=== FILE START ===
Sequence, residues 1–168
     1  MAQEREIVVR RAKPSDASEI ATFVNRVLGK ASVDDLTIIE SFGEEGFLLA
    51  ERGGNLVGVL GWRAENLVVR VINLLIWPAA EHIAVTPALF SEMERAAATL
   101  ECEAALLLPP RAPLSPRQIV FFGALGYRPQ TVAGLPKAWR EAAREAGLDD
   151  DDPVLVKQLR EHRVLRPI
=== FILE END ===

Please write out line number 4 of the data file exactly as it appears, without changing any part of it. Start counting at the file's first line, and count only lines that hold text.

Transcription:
   101  ECEAALLLPP RAPLSPRQIV FFGALGYRPQ TVAGLPKAWR EAAREAGLDD